The Jury Talks Back


Trump Administration Revising U.S. Citizenship Test

Filed under: Uncategorized — Dana @ 8:51 am

[guest post by Dana]


The U.S. Citizenship and Immigration Services released a statement about the upcoming revision. In part:

U.S. Citizenship and Immigration Services (USCIS) is revising the current naturalization test with improvements to ensure it continues to serve as an accurate measure of a naturalization applicant’s civics knowledge and that it reflects best practices in adult education assessments. The goal is to create a meaningful, uniform, and efficient test that will assess applicants’ knowledge and understanding of U.S. history, government and values.

The test was introduced in 1986, and had previously been revised in 2008. USCIS acting director Ken Cuccinelli commented about the current revision:

The Trump administration on Friday announced it will revise the U.S. citizenship test to help make a “meaningful, uniform, and efficient test.”

U.S. Citizenship and Immigration Services (USCIS) said it had formed a naturalization test revision working group in December 2018 with “members from across the agency.”

The agency added that it is “soliciting the input of experts in the field of adult education to ensure that this process is fair and transparent.”

“Granting U. S. citizenship is the highest honor our nation bestows,” USCIS Acting Director Ken Cuccinelli said in a statement.

“Updating, maintaining, and improving a test that is current and relevant is our responsibility as an agency in order to help potential new citizens fully understand the meaning of U.S. citizenship and the values that unite all Americans.”

“Isn’t everybody always paranoid that this is used for ulterior purposes?” the immigration hardliner told the outlet on Thursday.

“Of course they’re going to be sorely disappointed when it just looks like another version of a civics exam. I mean that’s pretty much how it’s going to look.”

Perhaps that’s the problem: it’s a civics exam. Consider surveyed rates of failure by Americans on the current exam:

A majority of Americans in every state except Vermont would fail a test based on the questions in the U.S. citizenship test…

People did relatively well on the most basic questions. Seven out of 10 knew that Thomas Jefferson wrote the Declaration of Independence and that Franklin Roosevelt was president during World War II.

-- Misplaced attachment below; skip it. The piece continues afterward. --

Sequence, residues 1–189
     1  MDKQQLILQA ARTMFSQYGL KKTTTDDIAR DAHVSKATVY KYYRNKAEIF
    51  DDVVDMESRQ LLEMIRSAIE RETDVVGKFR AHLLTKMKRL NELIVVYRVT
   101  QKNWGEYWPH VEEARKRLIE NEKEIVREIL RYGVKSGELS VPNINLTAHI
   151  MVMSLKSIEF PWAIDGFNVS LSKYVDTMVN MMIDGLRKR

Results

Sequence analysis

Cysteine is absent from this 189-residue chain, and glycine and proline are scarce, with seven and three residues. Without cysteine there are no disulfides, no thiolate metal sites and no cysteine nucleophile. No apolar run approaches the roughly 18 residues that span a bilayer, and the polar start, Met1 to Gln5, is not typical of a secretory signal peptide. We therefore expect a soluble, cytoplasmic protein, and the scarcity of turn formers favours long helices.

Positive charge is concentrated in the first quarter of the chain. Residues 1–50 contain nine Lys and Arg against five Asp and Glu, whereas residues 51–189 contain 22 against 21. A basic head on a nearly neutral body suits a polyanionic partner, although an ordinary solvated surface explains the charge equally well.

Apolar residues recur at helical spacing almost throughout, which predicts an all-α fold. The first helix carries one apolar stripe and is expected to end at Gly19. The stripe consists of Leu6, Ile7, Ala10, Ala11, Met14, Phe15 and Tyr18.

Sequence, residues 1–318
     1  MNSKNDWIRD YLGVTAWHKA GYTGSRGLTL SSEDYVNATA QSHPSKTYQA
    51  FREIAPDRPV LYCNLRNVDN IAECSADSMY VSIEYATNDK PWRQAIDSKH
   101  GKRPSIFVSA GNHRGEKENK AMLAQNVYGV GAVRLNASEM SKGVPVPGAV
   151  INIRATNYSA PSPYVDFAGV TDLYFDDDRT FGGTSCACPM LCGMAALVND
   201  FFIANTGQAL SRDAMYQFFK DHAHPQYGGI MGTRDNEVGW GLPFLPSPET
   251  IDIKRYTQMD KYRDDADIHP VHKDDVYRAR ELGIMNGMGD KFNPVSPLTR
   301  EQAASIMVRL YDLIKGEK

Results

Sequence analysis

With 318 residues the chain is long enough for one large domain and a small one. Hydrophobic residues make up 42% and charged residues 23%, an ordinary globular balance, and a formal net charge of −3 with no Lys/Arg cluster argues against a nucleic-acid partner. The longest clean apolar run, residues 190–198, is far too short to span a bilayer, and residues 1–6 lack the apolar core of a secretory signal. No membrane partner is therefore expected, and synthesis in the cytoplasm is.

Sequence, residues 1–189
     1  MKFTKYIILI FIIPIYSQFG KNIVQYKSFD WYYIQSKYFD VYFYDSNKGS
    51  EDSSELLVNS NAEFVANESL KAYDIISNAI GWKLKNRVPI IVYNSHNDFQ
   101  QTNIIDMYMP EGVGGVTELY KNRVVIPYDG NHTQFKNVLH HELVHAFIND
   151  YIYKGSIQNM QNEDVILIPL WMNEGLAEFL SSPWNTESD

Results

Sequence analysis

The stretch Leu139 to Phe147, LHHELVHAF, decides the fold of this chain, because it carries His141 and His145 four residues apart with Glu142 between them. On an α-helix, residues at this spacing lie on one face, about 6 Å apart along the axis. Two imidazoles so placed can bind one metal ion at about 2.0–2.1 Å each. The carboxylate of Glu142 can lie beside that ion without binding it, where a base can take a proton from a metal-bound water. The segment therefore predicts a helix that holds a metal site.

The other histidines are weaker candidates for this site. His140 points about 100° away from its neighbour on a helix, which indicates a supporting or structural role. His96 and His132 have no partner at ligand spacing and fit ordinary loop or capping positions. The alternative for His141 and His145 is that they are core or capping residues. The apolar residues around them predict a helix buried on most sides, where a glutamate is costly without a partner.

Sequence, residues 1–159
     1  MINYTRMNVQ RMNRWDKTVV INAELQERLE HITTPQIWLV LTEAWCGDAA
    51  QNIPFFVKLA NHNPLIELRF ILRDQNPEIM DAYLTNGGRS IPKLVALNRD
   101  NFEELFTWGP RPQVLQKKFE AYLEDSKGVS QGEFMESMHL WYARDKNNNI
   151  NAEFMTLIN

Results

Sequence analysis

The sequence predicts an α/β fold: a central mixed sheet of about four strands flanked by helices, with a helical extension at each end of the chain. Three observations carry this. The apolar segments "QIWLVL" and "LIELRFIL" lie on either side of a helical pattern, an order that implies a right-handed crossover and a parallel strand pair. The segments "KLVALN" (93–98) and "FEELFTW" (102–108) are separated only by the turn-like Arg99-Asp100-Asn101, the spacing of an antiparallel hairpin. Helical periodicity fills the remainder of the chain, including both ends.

But only 43% knew that Woodrow Wilson was president during World War I (nearly one out of four thought it was Roosevelt), and only 56% knew which countries we fought in World War II.

Fewer than a third could correctly name three of the original states.

More than six out of 10 incorrectly thought the Constitution was written in 1776. (It wasn’t written until 1787.)

Nearly four out of 10 thought Benjamin Franklin invented the light bulb.

Should we really be surprised at the results:

Civic knowledge and public engagement are at an all-time low. A 2016 survey by the Annenberg Public Policy Center found that only 26 percent of Americans can name all three branches of government, which was a significant decline from previous years.1

Only nine states and the District of Columbia require one year of U.S. government or civics, while 30 states require a half year and the other 11 states have no civics requirement. While federal education policy has focused on improving academic achievement in reading and math, this has come at the expense of a broader curriculum. Most states have dedicated insufficient class time to understanding the basic functions of government.11

The report notes that the increased time and focus on math and reading has resulted in the elimination of civics (and other important) classes.

Most interestingly, with regard to the U.S. citizenship exam:

The policy solution that has garnered the most momentum to improve civics in recent years is a standard that requires high school students to pass the U.S. citizenship exam before graduation.6 According to our analysis, 17 states have taken this path.7 Yet, critics of a mandatory civics exam argue that the citizenship test does nothing to measure comprehension of the material8 and creates an additional barrier to high school graduation.9 Other states have adopted civics as a requirement for high school graduation, provided teachers with detailed civics curricula, provided community service as a part of a graduation requirement, and increased the availability of Advanced Placement (AP) United States Government and Politics classes.10

Immigrants must pass the citizenship test to become U.S. citizens. The test has 100 civics questions, and immigrants are asked up to 10 of these during an interview. They must answer six correctly to pass.


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